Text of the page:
Bruce Bethke

Bruce Bethke is an American author best known for his 1983 short story Cyberpunk which led to the widespread use of the term, including for the cyberpunk subgenre of science fiction. His novel, Headcrash, won the Philip K. Dick Award in 1995 for SF original paperback published in the US.
Bethke's collected thoughts on the cyberpunk subculture are available on his website, in an essay entitled "The Etymology of Cyberpunk".
Bethke served as a judge on the Philip K. Dick Award in 2013.


Bethke lives in Minnesota where he works as a developer of supercomputer software.



Initially written as a series of short stories in 1980, the culminated novel was purchased by a publisher via an exclusive contract which forbade Bethke to sell the novel to any other publisher. The publisher decided not to release the novel, causing several years of legal battles over the rights to the book. Bethke has a downloadable version of the novel available for five dollars on his website.
When asked, during a 2005 interview, "Why was your book Cyberpunk never published when you sold it to a publisher in 1989?" Bruce replied, "Ah, well, hindsight is 20/20. The book was never released because the publisher hated the ending and I refused to rewrite it. What the publisher wanted me to write was a "Frazetta cover" ending; you know, the hero, center stage, with a mighty weapon in his hands, a cowering half-naked babe at his feet, and the blood-smeared corpses of his many enemies piled high all around. To get to this ending I would have had to end the book with the lead character committing a massacre inside a school—which is what the publisher specifically asked me to write—but even 10 years before Columbine, I found that idea utterly revolting. So I refused to write it. Perhaps the publisher was right. Perhaps the book would have sold well with a blood-soaked adolescent revenge fantasy ending. But sales aren't everything."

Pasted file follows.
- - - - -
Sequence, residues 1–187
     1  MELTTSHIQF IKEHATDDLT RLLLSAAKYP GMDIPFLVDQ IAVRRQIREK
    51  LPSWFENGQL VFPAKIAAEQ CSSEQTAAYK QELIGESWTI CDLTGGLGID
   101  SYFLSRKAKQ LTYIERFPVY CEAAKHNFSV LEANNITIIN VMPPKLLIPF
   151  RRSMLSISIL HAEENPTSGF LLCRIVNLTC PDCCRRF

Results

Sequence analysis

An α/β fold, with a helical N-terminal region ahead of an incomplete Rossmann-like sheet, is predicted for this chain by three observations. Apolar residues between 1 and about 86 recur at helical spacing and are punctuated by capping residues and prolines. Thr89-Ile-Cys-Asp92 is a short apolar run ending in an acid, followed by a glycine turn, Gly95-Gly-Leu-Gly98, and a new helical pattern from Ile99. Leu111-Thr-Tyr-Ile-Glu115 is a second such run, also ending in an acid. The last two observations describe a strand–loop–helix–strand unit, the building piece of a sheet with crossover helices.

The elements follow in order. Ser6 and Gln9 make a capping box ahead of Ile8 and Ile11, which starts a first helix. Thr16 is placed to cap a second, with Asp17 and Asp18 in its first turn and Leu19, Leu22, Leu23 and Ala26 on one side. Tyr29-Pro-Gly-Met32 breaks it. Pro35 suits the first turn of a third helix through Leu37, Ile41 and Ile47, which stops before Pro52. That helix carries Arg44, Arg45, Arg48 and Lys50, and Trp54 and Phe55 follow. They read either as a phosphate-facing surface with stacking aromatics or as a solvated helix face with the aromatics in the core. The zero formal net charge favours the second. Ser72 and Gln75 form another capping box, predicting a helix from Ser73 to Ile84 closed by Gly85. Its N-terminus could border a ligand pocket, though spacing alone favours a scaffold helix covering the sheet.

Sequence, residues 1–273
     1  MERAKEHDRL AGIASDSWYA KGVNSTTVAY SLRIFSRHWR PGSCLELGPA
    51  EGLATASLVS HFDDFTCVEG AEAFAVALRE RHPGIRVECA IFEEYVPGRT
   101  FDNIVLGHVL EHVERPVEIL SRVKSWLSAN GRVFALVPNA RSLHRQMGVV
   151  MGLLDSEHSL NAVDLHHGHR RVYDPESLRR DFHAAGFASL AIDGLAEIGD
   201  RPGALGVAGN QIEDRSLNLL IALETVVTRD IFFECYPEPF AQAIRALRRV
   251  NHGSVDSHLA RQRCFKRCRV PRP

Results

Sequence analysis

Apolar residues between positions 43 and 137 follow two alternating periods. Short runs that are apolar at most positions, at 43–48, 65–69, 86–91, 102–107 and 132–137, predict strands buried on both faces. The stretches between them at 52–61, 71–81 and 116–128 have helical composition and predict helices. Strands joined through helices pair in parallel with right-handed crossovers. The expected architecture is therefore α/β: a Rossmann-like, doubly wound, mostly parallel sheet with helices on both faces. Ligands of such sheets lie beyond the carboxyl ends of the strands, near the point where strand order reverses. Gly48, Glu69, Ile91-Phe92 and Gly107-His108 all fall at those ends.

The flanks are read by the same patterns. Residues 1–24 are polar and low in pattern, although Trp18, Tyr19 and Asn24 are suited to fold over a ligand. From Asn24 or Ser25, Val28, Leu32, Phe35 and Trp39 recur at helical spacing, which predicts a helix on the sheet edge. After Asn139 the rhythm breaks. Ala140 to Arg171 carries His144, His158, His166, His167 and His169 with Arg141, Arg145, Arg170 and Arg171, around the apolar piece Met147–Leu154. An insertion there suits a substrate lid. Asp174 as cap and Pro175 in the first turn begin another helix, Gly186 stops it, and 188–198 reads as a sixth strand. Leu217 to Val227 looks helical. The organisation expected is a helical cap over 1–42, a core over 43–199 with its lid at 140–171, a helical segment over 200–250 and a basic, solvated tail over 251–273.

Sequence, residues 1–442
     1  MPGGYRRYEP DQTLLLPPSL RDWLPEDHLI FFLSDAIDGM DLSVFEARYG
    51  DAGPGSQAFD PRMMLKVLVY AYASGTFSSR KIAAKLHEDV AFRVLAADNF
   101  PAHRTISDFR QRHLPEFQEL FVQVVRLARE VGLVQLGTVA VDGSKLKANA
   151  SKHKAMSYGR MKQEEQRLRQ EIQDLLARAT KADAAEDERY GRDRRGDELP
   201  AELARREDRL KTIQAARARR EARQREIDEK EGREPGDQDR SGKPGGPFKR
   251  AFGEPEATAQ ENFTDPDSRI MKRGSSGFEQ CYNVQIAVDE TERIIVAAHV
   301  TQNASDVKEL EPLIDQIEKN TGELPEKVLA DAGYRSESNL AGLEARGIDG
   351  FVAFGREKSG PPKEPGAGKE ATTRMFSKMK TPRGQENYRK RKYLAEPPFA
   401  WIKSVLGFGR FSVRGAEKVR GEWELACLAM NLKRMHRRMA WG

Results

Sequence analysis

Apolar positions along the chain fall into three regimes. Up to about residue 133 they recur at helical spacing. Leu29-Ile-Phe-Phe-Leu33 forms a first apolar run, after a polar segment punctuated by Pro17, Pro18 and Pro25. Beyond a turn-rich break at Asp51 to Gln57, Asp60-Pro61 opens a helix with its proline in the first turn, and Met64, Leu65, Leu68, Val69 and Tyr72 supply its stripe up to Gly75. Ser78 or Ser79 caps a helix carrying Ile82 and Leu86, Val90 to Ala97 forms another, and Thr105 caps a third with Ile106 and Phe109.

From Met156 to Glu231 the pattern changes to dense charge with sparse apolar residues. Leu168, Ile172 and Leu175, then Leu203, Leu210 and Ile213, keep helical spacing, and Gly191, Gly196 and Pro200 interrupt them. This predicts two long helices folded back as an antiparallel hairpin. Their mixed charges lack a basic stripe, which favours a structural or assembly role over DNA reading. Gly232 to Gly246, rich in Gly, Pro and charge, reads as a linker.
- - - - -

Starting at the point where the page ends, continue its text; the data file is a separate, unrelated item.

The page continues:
Bruce Bethke won the Philip K. Dick Award for SF original paperback published in the US.
Bethke is currently creator and Editor in Chief of the monthly anthology series "Stupefying Stories" which he began publishing in 2012.